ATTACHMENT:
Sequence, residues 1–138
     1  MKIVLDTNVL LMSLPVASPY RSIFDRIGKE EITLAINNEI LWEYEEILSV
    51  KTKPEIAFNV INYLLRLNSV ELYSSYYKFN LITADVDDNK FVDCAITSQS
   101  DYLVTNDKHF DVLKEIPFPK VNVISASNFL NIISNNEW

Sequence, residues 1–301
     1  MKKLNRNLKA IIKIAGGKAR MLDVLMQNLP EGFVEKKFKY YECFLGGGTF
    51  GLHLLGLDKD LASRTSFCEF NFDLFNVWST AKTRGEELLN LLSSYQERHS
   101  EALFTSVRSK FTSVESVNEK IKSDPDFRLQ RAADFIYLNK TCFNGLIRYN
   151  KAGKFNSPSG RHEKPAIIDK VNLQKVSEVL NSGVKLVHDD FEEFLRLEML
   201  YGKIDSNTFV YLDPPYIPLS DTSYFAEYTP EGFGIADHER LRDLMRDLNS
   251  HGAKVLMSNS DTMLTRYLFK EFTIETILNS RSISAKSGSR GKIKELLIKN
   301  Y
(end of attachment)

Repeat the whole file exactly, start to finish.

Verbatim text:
Sequence, residues 1–138
     1  MKIVLDTNVL LMSLPVASPY RSIFDRIGKE EITLAINNEI LWEYEEILSV
    51  KTKPEIAFNV INYLLRLNSV ELYSSYYKFN LITADVDDNK FVDCAITSQS
   101  DYLVTNDKHF DVLKEIPFPK VNVISASNFL NIISNNEW

Sequence, residues 1–301
     1  MKKLNRNLKA IIKIAGGKAR MLDVLMQNLP EGFVEKKFKY YECFLGGGTF
    51  GLHLLGLDKD LASRTSFCEF NFDLFNVWST AKTRGEELLN LLSSYQERHS
   101  EALFTSVRSK FTSVESVNEK IKSDPDFRLQ RAADFIYLNK TCFNGLIRYN
   151  KAGKFNSPSG RHEKPAIIDK VNLQKVSEVL NSGVKLVHDD FEEFLRLEML
   201  YGKIDSNTFV YLDPPYIPLS DTSYFAEYTP EGFGIADHER LRDLMRDLNS
   251  HGAKVLMSNS DTMLTRYLFK EFTIETILNS RSISAKSGSR GKIKELLIKN
   301  Y